The south of Mae Hong Son province is situated in the remote area full of forests and high mountains. The lands to conduct agricultural activities are scarce. The local villagers mainly live on a forest-product diet, such as bamboo shoot and wild fruit, which may be collected from natural sources near Salawin National Park. A huge bamboo basket on the shoulders of Sunantha, Mumu’s mother, is slowing roaming across the forest to be filled with wide vegetables and bamboo shoots which will become dinner tonight.
Mumu helps her mother look after her little brother when the parents are out to work in the rice field all day long. In the evening, Mom will come back home with a variety of vegetables collected. Chili paste with vegetable and wild mushroom is the family’s favourite dish. Living on a diet prepared with products found in nature is part of the S’gaw’s way of life. Although Mumu has 3 meals to eat regularly, her diet is solely vegetables found in the forest or along the pond edge. It is not a surprise why at her 11 years of age, Mumu is smaller and thinner than she should be.
Despite the student lunch project, the school is situated far away on the hard-to-reach route. Especially during rainy season, the difficulty of travelling from the mountain to the city to procure nutritious ingredients to cook lunch for students is even further multiplied. Mr Adisak Khonkhasai, a teacher at Ban Mae Sariang School, in which Mumu is studying in grade 5, elaborated the problem the lunch project faced. He explained that because of the difficult transportation and limited and expensive raw materials sold in the village to cook food for students, plus the limited budget, the school could not sufficiently feed all students with nutritious food that fulfills child nutritional requirements. Therefore, Mae Sariang Area Development Programme (ADP), which carries out World Vision Foundation of Thailand’s Child Sponsorship Programme, has supported the school to conduct natural farming to enable the school to secure sufficient food source, contributing to the solution to students’ malnutrition problem.
Through the generous sharing from sponsors with children living in Mae Sariang ADP’s implementation area, the support and relief of child malnutrition and health problem, which is considered the most pressing issue, has reached the community. An empty space in Ban Mae Sariang School has been magically transformed to a natural vegetable garden, consisting of bok choy plot, of which yield is now fully grown and looks delectable. There are also plots of morning glory and Chinese kale, along with other types of vegetables which are grown in the rotating fashion. Catfish and big, fat frogs have also been raised in concrete tubes to provide the source of quality protein for children. Students from grade 3-6 are the main workforce, in which members take turns to care for the vegetable garden which serves as their daily food source.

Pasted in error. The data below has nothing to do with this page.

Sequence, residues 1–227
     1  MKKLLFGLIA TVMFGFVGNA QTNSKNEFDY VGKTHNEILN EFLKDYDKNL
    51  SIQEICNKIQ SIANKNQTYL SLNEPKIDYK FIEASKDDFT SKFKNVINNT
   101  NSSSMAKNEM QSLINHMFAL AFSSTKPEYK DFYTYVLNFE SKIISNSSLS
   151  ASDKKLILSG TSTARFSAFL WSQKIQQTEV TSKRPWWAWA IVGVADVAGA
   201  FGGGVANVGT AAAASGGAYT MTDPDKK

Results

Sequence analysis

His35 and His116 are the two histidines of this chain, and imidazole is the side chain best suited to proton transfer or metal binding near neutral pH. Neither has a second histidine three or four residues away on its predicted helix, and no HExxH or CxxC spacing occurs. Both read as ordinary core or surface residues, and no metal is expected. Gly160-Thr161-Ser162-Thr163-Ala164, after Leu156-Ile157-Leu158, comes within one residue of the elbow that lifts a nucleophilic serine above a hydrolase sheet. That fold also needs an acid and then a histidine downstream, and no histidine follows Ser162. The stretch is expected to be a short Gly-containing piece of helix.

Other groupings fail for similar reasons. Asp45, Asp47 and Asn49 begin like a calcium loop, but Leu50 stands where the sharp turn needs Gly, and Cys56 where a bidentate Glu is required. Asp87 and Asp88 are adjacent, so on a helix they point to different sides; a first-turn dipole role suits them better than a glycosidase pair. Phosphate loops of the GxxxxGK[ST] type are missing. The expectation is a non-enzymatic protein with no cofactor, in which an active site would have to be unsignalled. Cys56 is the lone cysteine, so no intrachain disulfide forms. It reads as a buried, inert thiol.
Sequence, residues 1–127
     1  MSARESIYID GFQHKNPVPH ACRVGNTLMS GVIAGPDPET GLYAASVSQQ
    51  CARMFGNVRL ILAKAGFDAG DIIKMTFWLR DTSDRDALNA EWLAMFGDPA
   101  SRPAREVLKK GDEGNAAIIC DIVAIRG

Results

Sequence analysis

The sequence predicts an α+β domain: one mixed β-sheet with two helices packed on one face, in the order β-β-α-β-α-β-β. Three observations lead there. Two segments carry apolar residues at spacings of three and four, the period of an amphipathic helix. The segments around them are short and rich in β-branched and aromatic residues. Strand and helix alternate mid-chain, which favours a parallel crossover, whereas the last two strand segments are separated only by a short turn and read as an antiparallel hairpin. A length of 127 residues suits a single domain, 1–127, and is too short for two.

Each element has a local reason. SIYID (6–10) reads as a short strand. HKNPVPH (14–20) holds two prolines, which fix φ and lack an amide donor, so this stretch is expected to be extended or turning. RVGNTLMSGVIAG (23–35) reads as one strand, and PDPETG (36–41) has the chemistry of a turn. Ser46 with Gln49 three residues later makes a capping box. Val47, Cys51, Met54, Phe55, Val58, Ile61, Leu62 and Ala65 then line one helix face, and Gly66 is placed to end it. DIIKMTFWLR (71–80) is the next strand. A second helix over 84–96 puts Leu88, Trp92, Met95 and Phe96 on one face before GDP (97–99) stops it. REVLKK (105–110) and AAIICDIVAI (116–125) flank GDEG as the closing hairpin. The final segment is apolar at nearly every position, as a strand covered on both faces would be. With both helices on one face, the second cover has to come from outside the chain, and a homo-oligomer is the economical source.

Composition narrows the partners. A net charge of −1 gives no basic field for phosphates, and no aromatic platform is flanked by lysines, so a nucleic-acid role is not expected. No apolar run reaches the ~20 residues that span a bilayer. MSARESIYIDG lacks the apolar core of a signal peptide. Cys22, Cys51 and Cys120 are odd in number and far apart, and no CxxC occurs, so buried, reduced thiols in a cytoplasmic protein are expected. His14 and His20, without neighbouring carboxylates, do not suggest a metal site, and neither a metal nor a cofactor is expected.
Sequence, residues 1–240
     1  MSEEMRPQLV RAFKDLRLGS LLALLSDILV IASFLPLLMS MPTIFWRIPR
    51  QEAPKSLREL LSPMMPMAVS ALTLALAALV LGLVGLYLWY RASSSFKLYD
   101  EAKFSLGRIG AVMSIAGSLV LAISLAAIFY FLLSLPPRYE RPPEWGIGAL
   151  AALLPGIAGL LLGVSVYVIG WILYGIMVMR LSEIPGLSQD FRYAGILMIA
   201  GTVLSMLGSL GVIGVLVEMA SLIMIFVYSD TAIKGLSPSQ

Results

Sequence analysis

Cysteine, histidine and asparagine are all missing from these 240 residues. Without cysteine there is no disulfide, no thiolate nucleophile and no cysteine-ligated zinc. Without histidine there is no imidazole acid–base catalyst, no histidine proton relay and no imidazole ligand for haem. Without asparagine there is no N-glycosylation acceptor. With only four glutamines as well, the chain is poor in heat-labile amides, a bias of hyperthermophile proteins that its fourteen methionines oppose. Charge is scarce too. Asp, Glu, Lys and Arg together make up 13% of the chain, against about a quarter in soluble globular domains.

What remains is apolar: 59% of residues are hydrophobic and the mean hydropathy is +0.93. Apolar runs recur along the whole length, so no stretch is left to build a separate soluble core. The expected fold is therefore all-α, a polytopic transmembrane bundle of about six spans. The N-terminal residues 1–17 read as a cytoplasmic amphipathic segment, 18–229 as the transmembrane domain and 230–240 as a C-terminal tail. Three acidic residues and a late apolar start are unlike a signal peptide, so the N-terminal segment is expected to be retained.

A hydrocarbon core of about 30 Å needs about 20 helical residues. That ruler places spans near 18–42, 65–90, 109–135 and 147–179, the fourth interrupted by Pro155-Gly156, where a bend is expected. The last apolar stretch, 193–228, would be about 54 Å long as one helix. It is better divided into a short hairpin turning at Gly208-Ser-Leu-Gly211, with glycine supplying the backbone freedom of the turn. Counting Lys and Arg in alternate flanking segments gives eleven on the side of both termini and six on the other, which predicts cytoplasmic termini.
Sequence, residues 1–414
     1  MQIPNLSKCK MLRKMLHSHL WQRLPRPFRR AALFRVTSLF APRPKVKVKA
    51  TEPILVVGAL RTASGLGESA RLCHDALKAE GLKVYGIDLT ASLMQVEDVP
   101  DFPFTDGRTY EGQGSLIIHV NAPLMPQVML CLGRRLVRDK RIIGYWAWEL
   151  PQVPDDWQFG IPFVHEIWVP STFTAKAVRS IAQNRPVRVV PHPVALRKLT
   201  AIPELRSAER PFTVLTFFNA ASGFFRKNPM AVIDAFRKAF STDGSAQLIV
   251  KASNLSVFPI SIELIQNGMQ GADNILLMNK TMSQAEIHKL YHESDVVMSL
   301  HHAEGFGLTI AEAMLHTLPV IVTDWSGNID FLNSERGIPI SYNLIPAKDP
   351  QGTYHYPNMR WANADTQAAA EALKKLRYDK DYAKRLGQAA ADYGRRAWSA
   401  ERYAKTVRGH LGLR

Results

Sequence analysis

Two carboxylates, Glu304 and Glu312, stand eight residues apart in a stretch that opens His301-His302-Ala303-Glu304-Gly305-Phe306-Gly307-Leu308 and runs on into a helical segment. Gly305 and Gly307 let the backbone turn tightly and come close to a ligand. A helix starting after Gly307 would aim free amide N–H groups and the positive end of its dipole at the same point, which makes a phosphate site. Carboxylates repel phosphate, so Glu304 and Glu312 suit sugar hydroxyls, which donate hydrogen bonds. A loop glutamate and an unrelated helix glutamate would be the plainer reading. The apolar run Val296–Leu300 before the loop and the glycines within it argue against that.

The kindness poured down from the sponsors and the water poured down on the plot by the children have resulted in thriving and full-grown vegetables to make toxin-free lunch served from Monday through Friday to get everyone full and fill the canteen with laughter and happiness through the previous 6 years.
The success of the vegetable gardening at school has resulted in a secure food source which sufficiently feeds the whole school year long and has been a part to fulfill Mumu’s nutritional requirements. The S’gaw girl, as well as each of her schoolmates, has been transformed to a healthy little child. Besides the establishment of a secure food source, students have also had opportunity to gain occupational knowledge and skills on natural farming through action learning, enhance skills in vegetable gardening and animal raising and develop observation, note taking and collaboration skills and self-discipline, as well as have been implanted with the sense of love for agriculture and be able to practice it as their livelihood in the future.
“The problem is solved now. In case of lots of surplus produce, students will be given some to bring back home to eat with their parents. Children are full as they have complete 3 meals of nutritious food to eat while their parents and little brothers and sisters are not left hungry. This has simultaneously solved the problem of household food shortage,” Mr Adisak shared about the project.
“Vegetable soup with frog or catfish is my favourite dish. My parents said I’m so smart as I know how to raise frogs. My mom is always smiling when I help around in the kitchen. I’m so happy to eat with my parents and little brother," said Mumu, the girl with a bright smile.